2.4. Elements: Line

Line is used in art to add more detail, to give more details on the elements, through length, width and direction.

In my opinion, in photography line can be implied - meaning there is no line drawn effectively, but you can visualise the line the objects are forming through their display.

Both actual and implied lines can suggest a specific mood, or atmosphere, the movement or direction.

Implied lines can be generated by the edges of the shapes or by the change in tone, colour or texture.


In art, depending on the thickness of the contour line, you can communicate different things about the elements in your composition.

In photography, you can recreate that emotion by using the shape of an object and the shade of it.

Pictures with a narrow depth of field (blurry background) will provide an implied line of the objects displayed.

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Descriptive lines in art tell us more about the subject; you can easily understand the lines through patterns and textures in a photography.

In a painting, hatched and cross-hatched lines will describe light and shade, same as a small or large, thick or thin line will give more details about the elements.

Lines can create direction simply by displaying certain elements in a specific position: like a knife next to a cake - and it will catch the viewer’s attention and the eye will "travel on a route”.

Direction can be horizontal, vertical or diagonal - horizontal lines will let the eyes rest; diagonal lines create the sensation of movement, energy, while vertical lines can create the feeling of power.


Piet Mondrian shows us, how moving the brush with a specific force, it shapes lines - the branches of a tree - by creating an energetic effect:

Lines in landscape photography have such an important role - remember to avoid to split the image into two screens, like a knife cutting something in the middle; make sure you go back to the rule of thirds and check which is the best display of the elemtns in your picture.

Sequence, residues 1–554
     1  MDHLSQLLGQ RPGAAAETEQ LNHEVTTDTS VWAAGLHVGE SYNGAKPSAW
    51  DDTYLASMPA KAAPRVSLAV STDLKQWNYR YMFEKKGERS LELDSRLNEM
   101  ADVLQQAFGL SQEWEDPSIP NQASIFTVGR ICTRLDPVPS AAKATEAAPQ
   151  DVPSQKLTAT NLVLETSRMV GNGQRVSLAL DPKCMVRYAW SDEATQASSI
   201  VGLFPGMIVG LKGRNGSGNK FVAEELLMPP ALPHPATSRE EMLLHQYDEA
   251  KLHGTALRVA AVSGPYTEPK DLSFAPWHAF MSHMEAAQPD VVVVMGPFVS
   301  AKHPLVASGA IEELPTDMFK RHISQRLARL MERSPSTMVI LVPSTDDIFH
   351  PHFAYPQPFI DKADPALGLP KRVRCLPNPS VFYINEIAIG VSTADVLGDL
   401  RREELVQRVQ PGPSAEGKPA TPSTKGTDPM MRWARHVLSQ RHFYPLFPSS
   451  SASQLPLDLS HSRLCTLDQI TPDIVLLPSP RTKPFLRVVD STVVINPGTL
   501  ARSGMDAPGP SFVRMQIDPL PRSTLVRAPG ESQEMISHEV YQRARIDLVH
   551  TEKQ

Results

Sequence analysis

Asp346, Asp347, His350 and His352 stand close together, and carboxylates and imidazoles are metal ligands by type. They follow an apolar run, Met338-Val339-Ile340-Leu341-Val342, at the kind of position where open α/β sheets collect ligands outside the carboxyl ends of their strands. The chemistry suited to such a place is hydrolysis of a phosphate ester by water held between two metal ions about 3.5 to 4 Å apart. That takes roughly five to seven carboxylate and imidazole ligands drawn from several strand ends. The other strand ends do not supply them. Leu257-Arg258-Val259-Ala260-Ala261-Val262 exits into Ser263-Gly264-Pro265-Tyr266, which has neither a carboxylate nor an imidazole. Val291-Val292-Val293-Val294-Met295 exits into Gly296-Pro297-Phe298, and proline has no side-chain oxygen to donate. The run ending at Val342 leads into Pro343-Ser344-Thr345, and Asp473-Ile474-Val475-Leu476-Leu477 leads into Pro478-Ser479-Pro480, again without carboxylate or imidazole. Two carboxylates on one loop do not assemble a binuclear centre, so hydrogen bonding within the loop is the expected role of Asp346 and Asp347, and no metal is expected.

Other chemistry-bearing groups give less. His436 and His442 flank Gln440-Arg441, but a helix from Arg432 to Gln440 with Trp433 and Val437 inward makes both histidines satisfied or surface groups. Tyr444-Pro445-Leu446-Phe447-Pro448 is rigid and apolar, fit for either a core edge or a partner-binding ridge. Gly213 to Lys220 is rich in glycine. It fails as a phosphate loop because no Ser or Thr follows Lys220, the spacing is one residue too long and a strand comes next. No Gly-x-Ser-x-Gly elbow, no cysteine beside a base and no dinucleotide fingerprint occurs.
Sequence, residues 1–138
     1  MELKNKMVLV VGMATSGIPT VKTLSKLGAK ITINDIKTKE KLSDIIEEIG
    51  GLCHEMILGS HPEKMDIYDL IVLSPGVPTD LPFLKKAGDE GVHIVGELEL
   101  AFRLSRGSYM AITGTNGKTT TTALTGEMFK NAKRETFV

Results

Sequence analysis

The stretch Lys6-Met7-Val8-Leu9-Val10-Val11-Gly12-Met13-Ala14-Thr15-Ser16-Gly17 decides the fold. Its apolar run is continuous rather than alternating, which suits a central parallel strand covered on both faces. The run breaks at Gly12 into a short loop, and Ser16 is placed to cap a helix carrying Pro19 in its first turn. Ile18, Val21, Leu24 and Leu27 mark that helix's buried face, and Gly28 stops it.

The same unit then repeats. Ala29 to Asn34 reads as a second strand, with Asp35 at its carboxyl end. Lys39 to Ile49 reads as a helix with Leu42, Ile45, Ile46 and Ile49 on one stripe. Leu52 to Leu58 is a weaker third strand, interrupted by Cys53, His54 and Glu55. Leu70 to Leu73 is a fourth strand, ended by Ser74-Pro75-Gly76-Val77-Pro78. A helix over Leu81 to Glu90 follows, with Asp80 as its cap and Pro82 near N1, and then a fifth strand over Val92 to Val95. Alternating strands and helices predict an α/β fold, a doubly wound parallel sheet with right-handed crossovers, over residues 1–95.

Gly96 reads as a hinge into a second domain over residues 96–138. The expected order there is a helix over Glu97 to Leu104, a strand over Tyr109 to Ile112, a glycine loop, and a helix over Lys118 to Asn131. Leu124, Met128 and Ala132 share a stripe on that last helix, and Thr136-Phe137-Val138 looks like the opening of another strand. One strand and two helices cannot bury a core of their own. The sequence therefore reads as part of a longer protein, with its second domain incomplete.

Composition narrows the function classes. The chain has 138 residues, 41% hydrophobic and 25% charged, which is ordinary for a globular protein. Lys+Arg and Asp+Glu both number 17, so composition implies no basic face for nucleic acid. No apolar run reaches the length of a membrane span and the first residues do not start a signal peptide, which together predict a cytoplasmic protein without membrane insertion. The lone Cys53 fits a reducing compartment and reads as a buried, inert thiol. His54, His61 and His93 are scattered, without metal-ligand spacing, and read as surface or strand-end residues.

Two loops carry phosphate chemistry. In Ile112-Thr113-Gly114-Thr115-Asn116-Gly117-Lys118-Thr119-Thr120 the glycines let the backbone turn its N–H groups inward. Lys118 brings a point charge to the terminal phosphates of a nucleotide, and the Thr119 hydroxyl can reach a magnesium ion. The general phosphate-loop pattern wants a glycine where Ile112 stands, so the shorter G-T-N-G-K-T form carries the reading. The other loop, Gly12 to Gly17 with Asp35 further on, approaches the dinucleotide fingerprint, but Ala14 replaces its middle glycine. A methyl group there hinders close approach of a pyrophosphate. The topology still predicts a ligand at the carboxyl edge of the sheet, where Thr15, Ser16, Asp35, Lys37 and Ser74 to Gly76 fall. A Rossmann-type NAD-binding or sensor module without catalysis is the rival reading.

Lines in landscape will show you the scale of an element, and can be generated by the change in texture (sand and water at the seaside).

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Leading lines

Lines in landscape photography have such an important role - remember to avoid to split the image into two screens, like a knife cutting something in the middle.

Make sure you go back to the rule of thirds and check which is the best display of the elements in your picture.

Lines in landscape will show you the scale of a subject, and can be generated by the change in texture (like for example sand and water at the seaside).

You will find the leading lines - as a composition technique - in photography and art, and they always help create a visual flow or to highlight the main subject. 

Geometric lines from regular patterns will create the sensation of the composition being rigid, mainly when the pattern is symmetrical or repeated in an order.

Start by considering the emotion the image should transmit and work from there on what lines are present in your composition!

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